Stock markets’ extreme valuation gaps divide veteran investors


Two high-profile investors have offered differing strategies to deal with the dizzying valuation gap between growth stocks and beaten-up sectors: trust in bargains, or set aside traditional valuations.

So-called value stocks in sectors such as finance and energy — badly hit in the coronavirus crisis — have accelerated their recovery in the past week, buoyed by the Democratic party’s gains in Senate run-offs last week that point to enhanced government support for the US economy. Meanwhile, growth stocks, particularly in US tech, continue to break records with only minor setbacks.

But in a memo to clients on Monday, veteran distressed debt specialist Howard Marks warned that while it was “easy to be seduced” by low valuations, “investing on the basis of rote formulas and readily available fundamental, quantitative metrics should not be particularly profitable”.

The Oaktree Capital founder’s comments come days after Jeremy Grantham, co-founder of GMO, warned of a “bubble that is beginning to look like a real humdinger” in stocks. For him, one solution is to avoid big tech as much as “your career and business risk will allow” and to focus instead on emerging markets and on value stocks.

The contrasting viewpoints reflect the difficulty fund managers face in reducing dependence on a small clutch of tech stocks and hedging against the risk of a market pullback while also resisting cheap stocks whose valuations fail to keep pace.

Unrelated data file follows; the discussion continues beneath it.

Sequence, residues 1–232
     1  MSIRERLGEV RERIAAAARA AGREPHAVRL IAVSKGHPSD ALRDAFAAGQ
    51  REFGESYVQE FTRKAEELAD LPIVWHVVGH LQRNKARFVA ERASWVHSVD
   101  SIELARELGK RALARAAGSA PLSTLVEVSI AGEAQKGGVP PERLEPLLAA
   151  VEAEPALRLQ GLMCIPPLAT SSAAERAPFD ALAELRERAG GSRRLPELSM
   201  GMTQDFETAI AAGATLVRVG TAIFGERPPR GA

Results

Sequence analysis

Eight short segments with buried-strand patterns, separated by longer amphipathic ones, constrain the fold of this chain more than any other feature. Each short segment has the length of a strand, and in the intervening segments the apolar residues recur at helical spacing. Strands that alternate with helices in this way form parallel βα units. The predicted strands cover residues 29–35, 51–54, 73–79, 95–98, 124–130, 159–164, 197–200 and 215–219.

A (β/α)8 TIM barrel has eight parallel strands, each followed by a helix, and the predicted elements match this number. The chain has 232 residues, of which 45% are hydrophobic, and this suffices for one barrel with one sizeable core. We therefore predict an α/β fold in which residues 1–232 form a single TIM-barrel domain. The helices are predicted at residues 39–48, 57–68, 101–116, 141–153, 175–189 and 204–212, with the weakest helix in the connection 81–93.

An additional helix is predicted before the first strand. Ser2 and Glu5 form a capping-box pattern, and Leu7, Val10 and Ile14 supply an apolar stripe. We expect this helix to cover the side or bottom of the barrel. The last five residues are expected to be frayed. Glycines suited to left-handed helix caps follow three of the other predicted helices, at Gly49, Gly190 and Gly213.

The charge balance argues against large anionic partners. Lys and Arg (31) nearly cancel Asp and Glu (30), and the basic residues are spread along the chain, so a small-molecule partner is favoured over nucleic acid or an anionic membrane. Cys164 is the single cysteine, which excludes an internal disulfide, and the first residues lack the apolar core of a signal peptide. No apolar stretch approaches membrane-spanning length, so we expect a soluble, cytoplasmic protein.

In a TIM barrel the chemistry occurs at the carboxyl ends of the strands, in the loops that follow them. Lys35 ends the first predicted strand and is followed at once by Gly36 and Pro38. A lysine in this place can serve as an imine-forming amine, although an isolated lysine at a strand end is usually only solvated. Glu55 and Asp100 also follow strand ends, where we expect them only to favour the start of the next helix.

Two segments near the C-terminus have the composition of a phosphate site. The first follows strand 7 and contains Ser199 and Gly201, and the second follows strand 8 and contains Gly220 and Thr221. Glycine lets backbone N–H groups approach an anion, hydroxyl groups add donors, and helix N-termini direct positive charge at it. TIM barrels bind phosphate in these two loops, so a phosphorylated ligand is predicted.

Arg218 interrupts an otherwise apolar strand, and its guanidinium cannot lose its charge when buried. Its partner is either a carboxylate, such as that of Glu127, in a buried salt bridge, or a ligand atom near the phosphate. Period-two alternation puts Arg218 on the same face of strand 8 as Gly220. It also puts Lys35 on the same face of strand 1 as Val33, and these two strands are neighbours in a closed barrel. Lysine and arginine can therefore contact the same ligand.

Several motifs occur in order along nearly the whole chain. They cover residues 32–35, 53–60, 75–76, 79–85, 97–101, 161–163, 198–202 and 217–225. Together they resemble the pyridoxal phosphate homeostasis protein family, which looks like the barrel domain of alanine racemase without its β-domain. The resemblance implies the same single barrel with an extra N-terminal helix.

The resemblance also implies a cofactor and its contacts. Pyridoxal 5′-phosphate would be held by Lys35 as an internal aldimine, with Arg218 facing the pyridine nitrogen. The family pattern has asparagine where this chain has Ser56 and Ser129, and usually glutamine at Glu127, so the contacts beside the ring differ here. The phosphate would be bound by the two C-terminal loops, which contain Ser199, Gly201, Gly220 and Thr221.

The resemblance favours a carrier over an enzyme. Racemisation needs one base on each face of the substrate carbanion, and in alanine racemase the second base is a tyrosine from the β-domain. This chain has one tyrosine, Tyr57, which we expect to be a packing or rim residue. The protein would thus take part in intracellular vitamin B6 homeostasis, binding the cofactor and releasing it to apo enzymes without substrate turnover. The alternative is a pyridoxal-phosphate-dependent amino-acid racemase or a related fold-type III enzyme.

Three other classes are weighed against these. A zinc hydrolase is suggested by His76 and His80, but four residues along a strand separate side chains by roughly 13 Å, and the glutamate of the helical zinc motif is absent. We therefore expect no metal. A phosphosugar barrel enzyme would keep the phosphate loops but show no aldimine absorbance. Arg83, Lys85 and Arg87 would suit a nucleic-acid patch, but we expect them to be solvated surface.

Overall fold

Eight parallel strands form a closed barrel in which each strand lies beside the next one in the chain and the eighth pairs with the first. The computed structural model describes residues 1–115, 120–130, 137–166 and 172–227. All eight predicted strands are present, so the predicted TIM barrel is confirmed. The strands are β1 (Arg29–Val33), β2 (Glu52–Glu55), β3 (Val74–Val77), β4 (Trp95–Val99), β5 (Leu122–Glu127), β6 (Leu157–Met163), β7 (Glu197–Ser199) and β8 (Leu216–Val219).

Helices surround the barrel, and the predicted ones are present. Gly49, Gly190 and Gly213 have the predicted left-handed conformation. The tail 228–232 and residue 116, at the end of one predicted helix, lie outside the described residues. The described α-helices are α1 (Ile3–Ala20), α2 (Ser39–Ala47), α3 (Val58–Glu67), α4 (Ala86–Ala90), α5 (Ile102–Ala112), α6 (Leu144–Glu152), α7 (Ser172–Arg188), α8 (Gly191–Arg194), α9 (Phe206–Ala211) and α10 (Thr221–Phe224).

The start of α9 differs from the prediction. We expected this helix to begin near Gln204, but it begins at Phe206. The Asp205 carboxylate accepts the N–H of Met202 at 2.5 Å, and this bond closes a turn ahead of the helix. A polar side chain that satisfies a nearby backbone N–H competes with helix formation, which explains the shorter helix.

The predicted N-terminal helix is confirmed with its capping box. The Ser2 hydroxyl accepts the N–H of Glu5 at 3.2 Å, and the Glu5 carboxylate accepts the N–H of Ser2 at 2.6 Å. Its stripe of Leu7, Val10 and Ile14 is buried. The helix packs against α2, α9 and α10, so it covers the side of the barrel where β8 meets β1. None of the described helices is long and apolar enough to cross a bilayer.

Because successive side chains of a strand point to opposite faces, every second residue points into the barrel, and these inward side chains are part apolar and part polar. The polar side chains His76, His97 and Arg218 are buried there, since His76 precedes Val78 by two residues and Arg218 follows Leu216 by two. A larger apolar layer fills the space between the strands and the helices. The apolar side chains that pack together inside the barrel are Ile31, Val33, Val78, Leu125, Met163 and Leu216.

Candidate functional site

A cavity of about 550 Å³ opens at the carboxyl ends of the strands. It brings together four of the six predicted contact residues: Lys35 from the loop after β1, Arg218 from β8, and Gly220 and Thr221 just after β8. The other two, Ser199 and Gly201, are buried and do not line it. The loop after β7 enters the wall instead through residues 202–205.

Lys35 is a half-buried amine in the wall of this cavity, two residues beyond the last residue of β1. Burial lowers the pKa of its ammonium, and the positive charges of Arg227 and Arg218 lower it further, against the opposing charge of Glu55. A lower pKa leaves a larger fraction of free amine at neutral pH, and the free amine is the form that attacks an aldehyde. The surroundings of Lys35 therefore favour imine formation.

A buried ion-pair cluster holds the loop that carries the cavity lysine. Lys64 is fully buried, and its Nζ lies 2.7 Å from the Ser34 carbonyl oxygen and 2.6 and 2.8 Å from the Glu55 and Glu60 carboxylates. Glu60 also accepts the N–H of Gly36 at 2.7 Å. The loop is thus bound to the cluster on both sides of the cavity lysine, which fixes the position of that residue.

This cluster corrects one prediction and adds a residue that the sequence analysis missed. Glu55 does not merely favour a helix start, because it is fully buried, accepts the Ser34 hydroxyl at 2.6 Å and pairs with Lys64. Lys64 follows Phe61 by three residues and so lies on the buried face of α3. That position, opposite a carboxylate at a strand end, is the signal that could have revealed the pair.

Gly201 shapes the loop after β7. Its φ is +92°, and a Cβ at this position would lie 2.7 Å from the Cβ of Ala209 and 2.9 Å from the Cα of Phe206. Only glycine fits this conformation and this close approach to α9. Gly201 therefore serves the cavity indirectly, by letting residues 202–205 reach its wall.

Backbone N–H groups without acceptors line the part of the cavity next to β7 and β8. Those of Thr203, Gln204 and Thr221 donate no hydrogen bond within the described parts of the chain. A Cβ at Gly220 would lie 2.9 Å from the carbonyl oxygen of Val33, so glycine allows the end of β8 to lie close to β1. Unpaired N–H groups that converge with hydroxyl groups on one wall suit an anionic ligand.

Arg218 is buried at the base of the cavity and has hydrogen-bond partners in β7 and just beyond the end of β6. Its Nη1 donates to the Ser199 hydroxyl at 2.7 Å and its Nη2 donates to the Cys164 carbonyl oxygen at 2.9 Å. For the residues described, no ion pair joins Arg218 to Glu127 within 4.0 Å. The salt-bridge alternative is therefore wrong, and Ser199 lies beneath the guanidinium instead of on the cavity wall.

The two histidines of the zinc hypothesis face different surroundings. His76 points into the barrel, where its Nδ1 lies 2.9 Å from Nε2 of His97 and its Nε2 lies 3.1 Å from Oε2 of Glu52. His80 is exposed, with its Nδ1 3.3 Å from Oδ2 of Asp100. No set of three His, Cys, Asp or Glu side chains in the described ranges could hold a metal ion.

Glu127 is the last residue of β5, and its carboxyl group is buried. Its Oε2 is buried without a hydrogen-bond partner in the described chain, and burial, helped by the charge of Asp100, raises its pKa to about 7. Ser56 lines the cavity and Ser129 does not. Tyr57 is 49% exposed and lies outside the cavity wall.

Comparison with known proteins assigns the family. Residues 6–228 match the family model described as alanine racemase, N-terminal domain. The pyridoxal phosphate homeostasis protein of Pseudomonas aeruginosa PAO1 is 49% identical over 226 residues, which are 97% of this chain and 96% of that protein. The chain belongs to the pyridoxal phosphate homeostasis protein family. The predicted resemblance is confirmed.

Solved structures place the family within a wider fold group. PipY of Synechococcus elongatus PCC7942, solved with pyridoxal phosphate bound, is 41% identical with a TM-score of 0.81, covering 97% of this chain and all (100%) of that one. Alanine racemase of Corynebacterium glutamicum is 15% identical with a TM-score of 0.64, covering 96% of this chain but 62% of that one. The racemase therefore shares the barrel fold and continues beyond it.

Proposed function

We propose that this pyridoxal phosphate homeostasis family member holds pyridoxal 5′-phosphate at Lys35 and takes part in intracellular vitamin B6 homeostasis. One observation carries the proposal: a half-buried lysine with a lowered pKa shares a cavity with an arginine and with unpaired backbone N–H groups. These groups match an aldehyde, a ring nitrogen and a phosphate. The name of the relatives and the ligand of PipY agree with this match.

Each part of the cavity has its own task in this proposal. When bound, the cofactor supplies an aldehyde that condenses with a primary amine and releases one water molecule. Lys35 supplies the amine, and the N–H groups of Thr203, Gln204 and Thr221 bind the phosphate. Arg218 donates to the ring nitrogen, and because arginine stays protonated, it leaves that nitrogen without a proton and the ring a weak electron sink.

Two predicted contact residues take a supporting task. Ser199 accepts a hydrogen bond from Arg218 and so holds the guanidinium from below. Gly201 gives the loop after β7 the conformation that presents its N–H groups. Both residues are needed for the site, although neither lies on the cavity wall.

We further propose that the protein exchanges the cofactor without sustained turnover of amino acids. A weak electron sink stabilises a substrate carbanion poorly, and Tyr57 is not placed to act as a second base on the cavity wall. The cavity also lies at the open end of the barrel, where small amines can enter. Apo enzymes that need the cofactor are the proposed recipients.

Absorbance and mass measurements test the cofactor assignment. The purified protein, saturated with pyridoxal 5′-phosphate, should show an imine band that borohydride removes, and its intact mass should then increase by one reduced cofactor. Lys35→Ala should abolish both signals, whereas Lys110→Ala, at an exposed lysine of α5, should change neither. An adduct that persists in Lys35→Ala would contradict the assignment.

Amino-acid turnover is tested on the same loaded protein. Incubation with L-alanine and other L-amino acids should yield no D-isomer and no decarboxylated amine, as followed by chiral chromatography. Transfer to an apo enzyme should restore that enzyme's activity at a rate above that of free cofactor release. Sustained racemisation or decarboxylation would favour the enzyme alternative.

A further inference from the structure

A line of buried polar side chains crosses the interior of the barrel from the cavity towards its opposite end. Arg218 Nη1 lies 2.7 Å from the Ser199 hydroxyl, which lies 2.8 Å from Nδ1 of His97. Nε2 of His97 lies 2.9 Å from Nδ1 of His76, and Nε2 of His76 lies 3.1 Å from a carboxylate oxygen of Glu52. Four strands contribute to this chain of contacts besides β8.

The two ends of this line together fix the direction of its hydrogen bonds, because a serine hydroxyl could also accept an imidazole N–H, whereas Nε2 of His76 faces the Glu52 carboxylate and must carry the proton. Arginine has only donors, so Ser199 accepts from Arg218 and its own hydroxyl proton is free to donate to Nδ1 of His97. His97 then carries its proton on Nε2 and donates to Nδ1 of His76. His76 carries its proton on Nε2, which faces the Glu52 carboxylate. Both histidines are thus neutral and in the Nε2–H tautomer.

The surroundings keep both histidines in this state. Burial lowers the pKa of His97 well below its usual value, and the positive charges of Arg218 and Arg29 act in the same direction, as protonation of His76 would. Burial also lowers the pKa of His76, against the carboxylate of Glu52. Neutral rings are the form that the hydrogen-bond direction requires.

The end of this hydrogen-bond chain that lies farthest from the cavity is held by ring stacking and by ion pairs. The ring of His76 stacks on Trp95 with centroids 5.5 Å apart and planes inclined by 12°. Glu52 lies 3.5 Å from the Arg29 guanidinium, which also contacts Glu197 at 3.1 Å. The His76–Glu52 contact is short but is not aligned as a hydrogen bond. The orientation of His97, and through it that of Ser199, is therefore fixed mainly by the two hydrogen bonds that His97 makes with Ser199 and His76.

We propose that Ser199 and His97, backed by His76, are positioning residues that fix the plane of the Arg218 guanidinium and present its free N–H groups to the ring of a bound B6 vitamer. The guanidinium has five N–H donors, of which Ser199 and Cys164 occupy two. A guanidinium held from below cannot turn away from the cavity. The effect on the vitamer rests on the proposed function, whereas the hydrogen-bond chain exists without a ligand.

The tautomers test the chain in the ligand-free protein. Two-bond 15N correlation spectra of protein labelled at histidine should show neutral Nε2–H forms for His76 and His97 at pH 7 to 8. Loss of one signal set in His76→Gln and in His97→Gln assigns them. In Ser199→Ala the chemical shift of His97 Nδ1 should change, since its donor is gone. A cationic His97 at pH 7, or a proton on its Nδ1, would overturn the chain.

Line chart of Rebased, % move showing Growth stocks have trumped value since the Covid crisis began

In his memo, Mr Marks said the apparent distinction between growth and value stocks is neither “essential, natural or helpful, especially in the complex world in which we find ourselves today”. Often, he said, “if something carries a low valuation, there’s probably a good reason”.

Unlike in previous decades, granular data on companies and markets are now easy to come by, making picking out overlooked bargains more of a challenge, he said. As such it “doesn’t make sense” for value investors to avoid highly-valued stocks or popular Big Tech names, he added.

Mr Grantham, meanwhile, wrote last week that he is “waiting for the last dance” in exuberant markets. “Make no mistake . . . this could very well be the most important event of your investing lives,” he said, pointing to examples of “crazy” investor behaviour.

“Value stocks have had their worst-ever relative decade [compared to growth] ending in 2019, followed by their worst ever year in 2020, with spreads between growth and value performance averaging between 20 and 30 percentage points,” he said. Emerging markets equities have similarly suffered their worst run compared with the US in about half a century.

“We believe it is in the overlap of these two ideas, value and emerging, that your relative bets should go,” he concluded.


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